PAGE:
Just a quick post to encourage people to submit papers to the SSPP conference, April 5-7th 2007, in Atlanta (deadline Nov. 15th). Everyone knows how good the SPP conference is, but I think folks are less aware of the recent rejuvenation of the Southern Society for Philosophy and Psychology. In recent years, the contributed program at the SSPP has been attracting a lot of good papers in the philosophy of mind, philosophy of science, epistemology, metaphysics of science and ‘naturalistic’ philosophy generally. Since the SSPP has always been an especially open and friendly conference, this has made for philosophically lively meeting. I strongly encourage people to submit a paper, especially since this year’s Philosophy Program chair, Chase Wrenn, has put together a great invited program:

Keynote: John Searle

Invited Speaker: David Rosenthal

Invited Speaker: Colin McGinn

Symposium on Realization: Gene Witmer, Carl Gillett and Ken Aizawa, Chase Wrenn

Symposium on Normative Naturalistic Epistemology:David Henderson, Charles Wallis, Michael Bishop and J.D. Trout

Symposium on Intentionality: Chris Gauker, Pete Mandik, John Tienson.

Details on the conference are here (see the links for the CFP or the latest newsletter):

Signs of Consciousness in Vegetative Patients?

Friday, September 8th, 2006

I was interviewed for a column appearing in today’s Wall Street Journal on an intriguing case of possible conscious states in a vegetative patient (“There May Be More To a Vegetative State Than Science Thought” by Sharon Begley).

In the case in question, scientists recorded brain activity in a vegetative patient in response to being asked to imagine playing tennis.

Remarkably, this made neurons fire in the premotor cortex, a region that hums with activity when you mentally practice sophisticated movement, from a jump shot to a backhand. Then they asked her to imagine walking through each room of her house. This time her parahippocampal gyrus, which generates spatial maps, became active, again just as in healthy volunteers.

I think that if the same activity also shows up in patients under general anesthesia, then that activity doesn’t suffice for consciousness. The proposal that people under general anesthetic are conscious after all is an intolerable skeptical hypothesis (do you really want to believe that people suffer their major surgeries?). Only a tiny bit of my point got into the article, though:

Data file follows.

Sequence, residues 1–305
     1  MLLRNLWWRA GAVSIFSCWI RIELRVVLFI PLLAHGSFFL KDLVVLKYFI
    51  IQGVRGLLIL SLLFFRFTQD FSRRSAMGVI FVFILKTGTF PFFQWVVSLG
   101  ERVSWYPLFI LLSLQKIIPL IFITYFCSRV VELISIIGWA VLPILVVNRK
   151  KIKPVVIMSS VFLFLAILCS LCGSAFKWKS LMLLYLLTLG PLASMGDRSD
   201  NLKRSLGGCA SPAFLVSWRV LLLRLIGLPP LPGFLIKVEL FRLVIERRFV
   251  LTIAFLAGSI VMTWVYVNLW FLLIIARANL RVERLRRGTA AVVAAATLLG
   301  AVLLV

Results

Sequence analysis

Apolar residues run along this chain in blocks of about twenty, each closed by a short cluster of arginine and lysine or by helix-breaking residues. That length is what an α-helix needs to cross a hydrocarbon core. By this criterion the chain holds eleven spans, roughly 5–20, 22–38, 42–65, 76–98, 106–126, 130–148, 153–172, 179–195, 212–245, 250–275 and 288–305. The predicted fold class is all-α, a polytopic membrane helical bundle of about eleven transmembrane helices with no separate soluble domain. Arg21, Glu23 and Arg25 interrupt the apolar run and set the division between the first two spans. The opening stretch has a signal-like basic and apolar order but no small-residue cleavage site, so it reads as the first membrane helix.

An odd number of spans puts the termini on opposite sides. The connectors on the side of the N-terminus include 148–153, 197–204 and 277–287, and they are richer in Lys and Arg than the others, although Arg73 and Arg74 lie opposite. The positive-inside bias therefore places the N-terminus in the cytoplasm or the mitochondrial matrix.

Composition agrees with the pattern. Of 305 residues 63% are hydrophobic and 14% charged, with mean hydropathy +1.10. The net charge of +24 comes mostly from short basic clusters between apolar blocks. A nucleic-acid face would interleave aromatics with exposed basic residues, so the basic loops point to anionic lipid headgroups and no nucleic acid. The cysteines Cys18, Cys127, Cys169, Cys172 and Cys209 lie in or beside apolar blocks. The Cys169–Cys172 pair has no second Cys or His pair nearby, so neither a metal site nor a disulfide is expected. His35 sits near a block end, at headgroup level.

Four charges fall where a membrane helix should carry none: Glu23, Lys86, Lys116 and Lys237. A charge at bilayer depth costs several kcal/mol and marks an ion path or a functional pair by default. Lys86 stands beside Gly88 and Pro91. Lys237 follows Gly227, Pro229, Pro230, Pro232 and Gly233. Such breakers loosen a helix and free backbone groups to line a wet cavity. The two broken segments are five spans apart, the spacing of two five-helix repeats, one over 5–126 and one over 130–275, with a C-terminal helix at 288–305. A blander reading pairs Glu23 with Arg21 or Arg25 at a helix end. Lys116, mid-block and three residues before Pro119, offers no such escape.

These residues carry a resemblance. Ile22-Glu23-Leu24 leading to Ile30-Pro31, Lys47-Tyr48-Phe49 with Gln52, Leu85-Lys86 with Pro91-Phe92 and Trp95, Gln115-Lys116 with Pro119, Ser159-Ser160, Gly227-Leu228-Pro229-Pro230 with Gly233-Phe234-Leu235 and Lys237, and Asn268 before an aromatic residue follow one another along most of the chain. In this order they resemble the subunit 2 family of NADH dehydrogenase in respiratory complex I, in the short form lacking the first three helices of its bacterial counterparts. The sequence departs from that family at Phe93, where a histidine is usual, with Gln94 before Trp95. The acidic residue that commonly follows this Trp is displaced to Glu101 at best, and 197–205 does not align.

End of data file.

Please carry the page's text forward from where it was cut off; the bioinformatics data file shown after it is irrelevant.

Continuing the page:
There also is the possibility that people in other mental states regarded as unconscious, such as patients under general anesthesia, may show similar brain activity, suggests philosopher Peter Mandik of William Paterson University, Wayne, N.J., who studies consciousness.

Lamme et al (1998) suggest that the responses elicited by stimuli in anesthetized animals constitute merely feed-forward activation of representations in perceptual networks and lack feed-back activations from representations higher in the processing hierarchy. I suggested (but it didn’t make it into the article) that a good case for consciousness in the vegetative patient could be made if the following was found in the vegetative but not anesthetized patients: reciprocal activity of higher-level representations (like abstract representations of tennis) and lower-level representations (like motor-representations in a body-centered reference frame) as in Mandik (2005).

(Cross-posted at Brains)

Update Sept. 12, 2006: On this elsewhere: @Mind Hacks; @Rebecca Skloot; @Milinda’s Questions.

Begley, S. There May Be More To a Vegetative State Than Science Thought. Wall Street Journal September 8, 2006.

Lamme, V. A. F., et al. (1998). Feedforward, horizontal, and feedback processing in the visual cortex. Current Opinion in Neurobiology, 8, 529 – 535.

Mandik, P. (2005) Phenomenal Consciousness and the Allocentric-Egocentric Interface. In: R. Buccheri et al. (eds.); Endophysics, Time, Quantum and the Subjective. World Scientific Publishing Co.